NEW YORK (MainStreet) — Nearly half of Millennials plan to use their debit or check card to buy gift items this season instead of swiping their credit cards, according to the National Retail Federation.
When it comes to how shoppers will pay for their gifts, 38% will use their credit card, the most in the survey’s history and up from 28.5% last year. One in five shoppers will use cash and 38.4% will use their debit or check card. Checks are rarely used, with only 2.1% of consumers using them.
Credit cards remain a favorite among people 65 years or older with 56% how prefer to use them while only 17.7% of 18 to 24 year olds will use credit cards, the NRF survey found.
“A 10% increase in credit card use for holiday shopping strongly suggests that consumers are ready to begin spending, but are financially ill-prepared to do so,” said Gail Cunningham, spokesperson for the National Foundation for Credit Counseling, a Washington, D.C.-based non-profit.
While some consumers are charging their purchases to earn reward points or as a convenience, this could be detrimental for people who already carry debt over from month to month, she said.
“Adding to this burden could result in self-inflicted financial ruin,” Cunningham said.
More than half of Americans are worried about credit card security, according to a recent Lexington Law survey. The survey also found that 50% of Americans are fearful of credit card security breaches when shopping with their credit cards this holiday season while 29% say the risk of identity theft due to a credit card breach would prevent them from using a credit card this season.
Cash is becoming more popular among shoppers with 65% who said they have used or plan to use cash to pay for their purchases compared to 61% who plan to use credit cards when they shop this holiday season, the survey found.
“After so many high-profile security breaches this past year, these kinds of consumer attitudes really aren’t a surprise,” said Randy Padawer, a consumer advocate for Lexington Law, a Salt Lake City-based credit report repair provider. “What is surprising and perhaps disconcerting for retailers, is just how many consumers say they prefer cash instead.”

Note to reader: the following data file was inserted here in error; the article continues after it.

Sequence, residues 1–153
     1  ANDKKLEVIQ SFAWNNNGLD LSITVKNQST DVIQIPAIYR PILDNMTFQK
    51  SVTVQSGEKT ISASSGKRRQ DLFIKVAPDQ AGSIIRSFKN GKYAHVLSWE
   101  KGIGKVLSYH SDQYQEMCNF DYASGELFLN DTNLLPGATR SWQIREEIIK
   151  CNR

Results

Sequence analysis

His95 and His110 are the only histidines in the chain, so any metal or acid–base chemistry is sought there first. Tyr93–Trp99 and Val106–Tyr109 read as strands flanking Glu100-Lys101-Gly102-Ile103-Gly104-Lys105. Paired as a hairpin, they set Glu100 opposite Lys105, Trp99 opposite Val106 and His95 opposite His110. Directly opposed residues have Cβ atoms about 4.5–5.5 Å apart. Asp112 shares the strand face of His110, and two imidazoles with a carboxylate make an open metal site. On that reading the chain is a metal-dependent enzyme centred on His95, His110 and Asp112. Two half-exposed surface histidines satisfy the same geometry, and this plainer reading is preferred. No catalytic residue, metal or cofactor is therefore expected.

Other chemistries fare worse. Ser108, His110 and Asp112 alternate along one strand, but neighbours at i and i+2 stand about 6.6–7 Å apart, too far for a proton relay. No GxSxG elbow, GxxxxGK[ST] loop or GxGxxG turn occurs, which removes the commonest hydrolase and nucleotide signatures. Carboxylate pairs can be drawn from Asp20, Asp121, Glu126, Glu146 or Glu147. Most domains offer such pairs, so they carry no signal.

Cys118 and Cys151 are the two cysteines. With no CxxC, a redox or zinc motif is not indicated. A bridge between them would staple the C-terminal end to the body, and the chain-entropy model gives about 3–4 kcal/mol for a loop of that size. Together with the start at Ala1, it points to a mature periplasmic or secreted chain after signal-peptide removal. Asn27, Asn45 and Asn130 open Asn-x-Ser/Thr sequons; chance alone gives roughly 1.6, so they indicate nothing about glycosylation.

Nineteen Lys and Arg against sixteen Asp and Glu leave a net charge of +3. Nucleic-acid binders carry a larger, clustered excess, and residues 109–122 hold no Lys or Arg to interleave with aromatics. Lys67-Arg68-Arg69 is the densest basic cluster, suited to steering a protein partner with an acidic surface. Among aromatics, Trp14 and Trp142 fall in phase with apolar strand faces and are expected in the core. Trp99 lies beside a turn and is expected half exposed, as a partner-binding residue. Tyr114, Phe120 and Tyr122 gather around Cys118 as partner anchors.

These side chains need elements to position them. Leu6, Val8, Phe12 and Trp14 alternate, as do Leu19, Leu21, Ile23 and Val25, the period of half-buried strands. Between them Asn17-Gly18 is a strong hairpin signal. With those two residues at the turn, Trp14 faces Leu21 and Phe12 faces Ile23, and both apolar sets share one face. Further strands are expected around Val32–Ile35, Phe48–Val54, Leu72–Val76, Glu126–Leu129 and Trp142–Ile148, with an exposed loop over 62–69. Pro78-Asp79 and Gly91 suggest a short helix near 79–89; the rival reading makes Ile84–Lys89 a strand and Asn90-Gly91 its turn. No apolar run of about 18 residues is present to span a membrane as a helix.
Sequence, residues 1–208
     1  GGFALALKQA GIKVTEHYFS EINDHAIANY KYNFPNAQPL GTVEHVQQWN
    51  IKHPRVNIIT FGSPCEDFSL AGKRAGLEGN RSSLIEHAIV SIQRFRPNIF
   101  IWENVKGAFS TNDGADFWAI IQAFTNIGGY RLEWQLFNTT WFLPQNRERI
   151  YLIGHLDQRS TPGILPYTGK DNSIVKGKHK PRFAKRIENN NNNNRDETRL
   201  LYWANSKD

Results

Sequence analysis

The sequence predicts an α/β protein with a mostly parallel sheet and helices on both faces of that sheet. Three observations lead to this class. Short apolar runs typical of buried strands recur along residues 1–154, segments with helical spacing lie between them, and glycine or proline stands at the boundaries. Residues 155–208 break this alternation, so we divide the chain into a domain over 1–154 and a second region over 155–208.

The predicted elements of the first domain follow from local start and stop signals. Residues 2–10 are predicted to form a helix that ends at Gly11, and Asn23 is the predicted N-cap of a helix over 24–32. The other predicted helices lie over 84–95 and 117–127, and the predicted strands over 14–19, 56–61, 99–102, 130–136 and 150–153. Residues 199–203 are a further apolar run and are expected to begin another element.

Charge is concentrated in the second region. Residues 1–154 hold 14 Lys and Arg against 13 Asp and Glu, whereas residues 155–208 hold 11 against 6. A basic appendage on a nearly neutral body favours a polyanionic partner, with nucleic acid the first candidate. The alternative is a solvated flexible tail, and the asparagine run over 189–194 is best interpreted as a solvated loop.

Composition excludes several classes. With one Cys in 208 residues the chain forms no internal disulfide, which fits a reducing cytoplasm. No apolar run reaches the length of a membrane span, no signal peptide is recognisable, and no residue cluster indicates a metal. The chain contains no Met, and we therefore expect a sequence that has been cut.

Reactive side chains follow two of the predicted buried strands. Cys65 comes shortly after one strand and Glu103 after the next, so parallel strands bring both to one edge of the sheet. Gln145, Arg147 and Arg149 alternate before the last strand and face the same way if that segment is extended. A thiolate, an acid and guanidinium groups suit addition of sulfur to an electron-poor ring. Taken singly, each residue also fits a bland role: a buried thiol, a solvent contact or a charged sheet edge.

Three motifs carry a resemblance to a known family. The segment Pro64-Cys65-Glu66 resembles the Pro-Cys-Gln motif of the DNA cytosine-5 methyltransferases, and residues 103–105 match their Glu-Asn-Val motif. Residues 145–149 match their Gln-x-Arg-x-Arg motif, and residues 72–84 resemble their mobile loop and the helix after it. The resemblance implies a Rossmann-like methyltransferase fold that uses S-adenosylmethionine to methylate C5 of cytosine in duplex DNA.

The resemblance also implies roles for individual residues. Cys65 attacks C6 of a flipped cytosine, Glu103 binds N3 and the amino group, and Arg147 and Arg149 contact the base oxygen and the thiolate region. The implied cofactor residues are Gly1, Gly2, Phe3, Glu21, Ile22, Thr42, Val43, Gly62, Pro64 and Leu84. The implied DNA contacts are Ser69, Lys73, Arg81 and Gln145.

Consumers can stay on top of any irregular debit or credit card activity by setting up personalized alerts, including alerts for any changes made to accounts such as an email or phone number change, online banking sign-in errors or passcode resets that could be a sign of fraudulent activity, said Marc Warshawsky, digital solutions executive at Bank of America in Charlotte, N.C.
Despite the availability of banking alerts, a recent Bank of America report found that only 28% of consumers receive mobile banking/financial alerts on their smartphones.
“When using their smartphone while shopping, Bank of America customers can feel safe knowing their personal information and account details are never stored on their phone,” he said.
Many Millennials have decided they do not want to accumulate credit card debt since they have witnessed the Great Recession and saw people suffering from it, said Erin Ellis, a financial educator at Philadelphia Federal Credit Union.
“Using debit ensures that they do not accrue a credit card balance burden,” she said. “By using debit rather than credit, Millennials will never have to pay interest on a purchase. They will not face a credit card bill they cannot afford to pay in full.”
While avoiding credit card debt is a good idea, never or rarely using one means it is hard for Millennials to establish a credit history. Credit history is key when consumers need to rent a house or apartment, purchase insurance or get a job, Ellis said.Millennials are not alone and many shoppers prefer to use cash or debit cards. A majority of consumers who plan to shop in stores on Black Friday intend to pay with cash, with 38% who prefer it while 34% plan to use debit cards and 24% are likely to use credit cards, according to a Bankrate.com survey.
For online purchases on Black Friday and Cyber Monday, 46% expect to pay with credit cards and 43% expect to pay with debit cards.
“Online shopping is one of the riskiest ways to use a debit card,” Bankrate.com analyst Jeanine Skowronski said. “Credit cards offer better consumer protections. This is especially important given all of the data breaches that have occurred over the past couple of years.”
Millennials are scared of spending money that they don’t otherwise have, said Luvleen Sidhu, 28, chief strategy and marketing officer of BankMobile, the Wyomissing, Pa.-based mobile bank.
“They are a risk adverse generation with 60% of them not using credit at all,” she said. “Debit cards are also convenient and that replaces the advantage that credit cards have always held. Millennials like to be in control of their money and they do not want to owe any more than they already do – such as large school loans.”
--Written by Ellen Chang for MainStreet